Coroner identifies man killed on I-83

Sean Philip Cotter

A man who was struck and killed by a tractor-trailer Tuesday afternoon on Interstate 83 had stopped to deal with a flat tire but couldn't get far off the road because of the deep snow, according to Trooper Rob Hicks, a state police spokesman.

Sotirios Drivas, 78, of Narnia Drive in Manchester, was struck and killed while trying to change a tire Tuesday, according to the York County Coroner.

Police say Drivas had pulled off to the east shoulder of the highway's northbound lanes around mile marker 25, about a mile north of the Emigsville exit; the driver of the truck stopped after striking the man and is cooperating with the investigation, according to police.

Hicks said because of the deep snow winter storm Jonas dumped on York County over the weekend, the shoulders were very limited. The driver-side tires of Drivas' car were at the fog line, so he was not even able to fully get off the road, Hicks said.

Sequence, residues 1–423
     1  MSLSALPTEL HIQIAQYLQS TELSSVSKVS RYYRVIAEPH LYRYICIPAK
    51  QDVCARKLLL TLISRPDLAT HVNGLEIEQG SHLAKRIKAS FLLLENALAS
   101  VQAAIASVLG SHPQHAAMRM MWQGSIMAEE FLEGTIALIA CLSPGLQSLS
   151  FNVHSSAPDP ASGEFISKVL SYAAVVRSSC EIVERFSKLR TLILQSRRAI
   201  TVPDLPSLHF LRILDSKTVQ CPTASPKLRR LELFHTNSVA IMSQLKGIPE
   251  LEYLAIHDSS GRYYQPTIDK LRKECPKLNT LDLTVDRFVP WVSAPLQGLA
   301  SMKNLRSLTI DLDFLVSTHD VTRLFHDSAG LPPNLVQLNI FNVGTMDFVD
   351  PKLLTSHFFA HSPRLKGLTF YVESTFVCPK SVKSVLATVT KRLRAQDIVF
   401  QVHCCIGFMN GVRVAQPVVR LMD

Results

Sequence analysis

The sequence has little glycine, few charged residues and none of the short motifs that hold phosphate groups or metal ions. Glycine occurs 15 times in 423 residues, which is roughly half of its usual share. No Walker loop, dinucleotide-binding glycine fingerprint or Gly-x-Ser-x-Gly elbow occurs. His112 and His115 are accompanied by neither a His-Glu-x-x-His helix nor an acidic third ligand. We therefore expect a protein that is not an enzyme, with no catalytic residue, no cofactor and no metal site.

Hicks said it's tough to know what to do in that situation. With just a flat tire — something you can still drive on — it's best to put your flashers on and continue to drive slowly ahead until you reach a place where you can pull farther off the road, he said.

"Give yourself a little bit more room," Hicks said.

The highway's northbound lanes remained closed several hours after the crash between Exit 24, which is for Emigsville, and Exit 28, which is for Strinestown, according to the state Department of Transportation's website. Lanes opened back up at 6 p.m., according to 911 transmissions.

An autopsy is scheduled for 8 a.m. Wednesday at Lehigh Valley Hospital, according to the York County Coroner's office.

State police continue to investigate; Hicks said it's too early to know if the truck driver will be charged or cited.

Anyone with information is asked to call state police at (717) 428-1011.

— Reach Sean Cotter at

Pennsylvania State Police investigate a fatal accident on I-83 northbound, north of the Emigsville exit, Tuesday, January 26, 2016. John A. Pavoncello